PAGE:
Later, earnestly: “Bike Rave.”
And minutes after: “Bike RAAAAAVE!” (“wooooo!”)
“Hey, do you guys know wh-BIKE RAVE?”
“I’m bike raving right now!”
Nobody did it better than Zoe, who would occasionally sing “bike raaave” in a lovely ringing tone.
All the bikes have glowsticks, LEDs, some multicolored luminary apparatus to announce to the world that the FUTURE is HERE.
The occasional big-cargo bike rolls like a parade, transformed into slow-riding music cruiser blasting the night’s 5-hour stream.
Under the big bridges, even the trolls were dancing.
Kickstanded bikes only bided time until domino’d.
Much of it was a bike-walk rave, such was the crowd, and so fragile the bottlenecks. It was like a concert that ringed the city in a wall of phosphorescent flickering, and it was that crowded, only all of the concert-goers were on bicycles.
I especially dig that it’s a show of bicycle power. A city should be able to host a lot of this kind of stuff, a massive concentration of people on bicycles moving around dense urban areas. If a city can handle that, it’s somewhere on a right track. So Bike Rave achieves a very practical effect of testing bicycle density out on an urban core that’s rapidly changing.
The whole point was a good time, a positive vibe. Tokes were toked by some. Glowsticks fell. As did beer cans.
Burrard bridge downtown residents complained of garbage and trampled gardens. So remember when you’re out announcing THE FUTURE: pick up some litter while there, and mind the flowers. Consider helping the clean-up volunteers the next day. Same goes for communities that host a portion of seawall. The seawall is an awesome little journey, we’re all lucky to have it. Overall I’d say it contributed a good vibe and a peaceful time to the city, while showcasing the culture on a beautiful summer eve.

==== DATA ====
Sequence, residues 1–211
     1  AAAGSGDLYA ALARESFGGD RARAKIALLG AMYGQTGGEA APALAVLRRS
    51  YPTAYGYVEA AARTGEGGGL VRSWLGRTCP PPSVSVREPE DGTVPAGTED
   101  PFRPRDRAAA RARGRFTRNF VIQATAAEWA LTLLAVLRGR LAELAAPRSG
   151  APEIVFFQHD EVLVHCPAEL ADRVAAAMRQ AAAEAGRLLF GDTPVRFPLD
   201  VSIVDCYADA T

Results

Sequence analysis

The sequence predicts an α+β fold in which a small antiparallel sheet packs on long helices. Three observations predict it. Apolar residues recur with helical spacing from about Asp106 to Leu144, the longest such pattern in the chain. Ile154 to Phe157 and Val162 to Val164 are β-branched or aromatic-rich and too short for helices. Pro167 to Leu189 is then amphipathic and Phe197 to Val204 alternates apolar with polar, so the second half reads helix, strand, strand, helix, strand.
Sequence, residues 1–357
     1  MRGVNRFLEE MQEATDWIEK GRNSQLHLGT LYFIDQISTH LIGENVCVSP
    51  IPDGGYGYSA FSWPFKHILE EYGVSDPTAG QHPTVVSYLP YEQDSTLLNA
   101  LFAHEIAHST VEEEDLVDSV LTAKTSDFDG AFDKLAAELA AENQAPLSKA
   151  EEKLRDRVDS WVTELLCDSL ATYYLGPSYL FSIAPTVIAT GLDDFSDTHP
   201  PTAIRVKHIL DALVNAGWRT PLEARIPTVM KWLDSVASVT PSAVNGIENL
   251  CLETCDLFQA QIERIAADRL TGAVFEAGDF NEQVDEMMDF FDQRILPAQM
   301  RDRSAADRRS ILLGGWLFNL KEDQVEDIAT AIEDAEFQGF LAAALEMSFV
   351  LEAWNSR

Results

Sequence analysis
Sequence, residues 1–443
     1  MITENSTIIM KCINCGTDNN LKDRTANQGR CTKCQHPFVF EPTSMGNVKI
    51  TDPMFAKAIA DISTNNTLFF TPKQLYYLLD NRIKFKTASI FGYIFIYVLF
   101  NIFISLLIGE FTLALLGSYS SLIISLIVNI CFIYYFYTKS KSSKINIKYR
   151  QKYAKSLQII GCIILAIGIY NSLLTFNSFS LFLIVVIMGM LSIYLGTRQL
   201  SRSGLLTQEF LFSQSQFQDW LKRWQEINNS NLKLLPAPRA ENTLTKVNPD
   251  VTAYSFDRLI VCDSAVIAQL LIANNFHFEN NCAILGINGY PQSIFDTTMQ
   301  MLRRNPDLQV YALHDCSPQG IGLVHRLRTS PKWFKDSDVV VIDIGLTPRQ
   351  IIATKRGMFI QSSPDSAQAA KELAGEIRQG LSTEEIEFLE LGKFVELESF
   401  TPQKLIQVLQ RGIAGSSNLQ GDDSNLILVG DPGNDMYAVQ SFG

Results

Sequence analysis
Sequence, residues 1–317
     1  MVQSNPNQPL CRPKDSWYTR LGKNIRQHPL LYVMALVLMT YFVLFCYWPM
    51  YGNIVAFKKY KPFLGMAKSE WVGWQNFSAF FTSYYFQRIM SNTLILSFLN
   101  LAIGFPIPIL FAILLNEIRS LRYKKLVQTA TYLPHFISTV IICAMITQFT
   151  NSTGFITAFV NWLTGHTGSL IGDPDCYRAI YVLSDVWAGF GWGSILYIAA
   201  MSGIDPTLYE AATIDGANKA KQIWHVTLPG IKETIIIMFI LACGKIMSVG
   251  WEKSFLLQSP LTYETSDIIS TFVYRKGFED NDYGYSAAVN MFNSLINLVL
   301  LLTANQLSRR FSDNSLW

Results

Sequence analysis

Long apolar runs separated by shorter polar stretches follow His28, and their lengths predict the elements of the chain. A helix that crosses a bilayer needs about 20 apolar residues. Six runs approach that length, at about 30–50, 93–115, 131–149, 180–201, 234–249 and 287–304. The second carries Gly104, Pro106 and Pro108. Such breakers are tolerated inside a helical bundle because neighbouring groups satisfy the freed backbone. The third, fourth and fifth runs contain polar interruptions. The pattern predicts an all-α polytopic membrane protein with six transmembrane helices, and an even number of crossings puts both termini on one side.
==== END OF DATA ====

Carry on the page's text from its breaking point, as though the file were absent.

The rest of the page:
That said, I was a failure to do much cleaning help myself, and only added to the littermess of glowsticks, so do as I say, not as I do. You can consider the day after Bike Rave Day to also be an active day of finding dimly glowing easter eggs absolutely everywhere. Whenever I noticed a shed glowstick along the bike route, I would nod sagely to the future volunteers and claim solemnly: “Bike Rave.” But the truth is, plastic is plastic, and the proper way to prep for Bike Rave would be with battery LEDs rather than the plastic chemical magic-mojo, which is amazing to play with and behold but bad for the environment. Each year, buy another little LED ornamental. Turn your bike into a once-a-year christmas tree.
About these photographs: I was so busy bike-raving that I couldn’t really deal with the hassle of a tripod during the unbelievable madness. I strapped a little gorillapod to the handlebars instead of using a tripod and got long-exposure photos, averaging around 8 seconds for a shot. I wish I had gotten a views from farther out. Instead I dove into the madness. Next year I’ll circle the city from the outside while the bike ravers circle the seawall.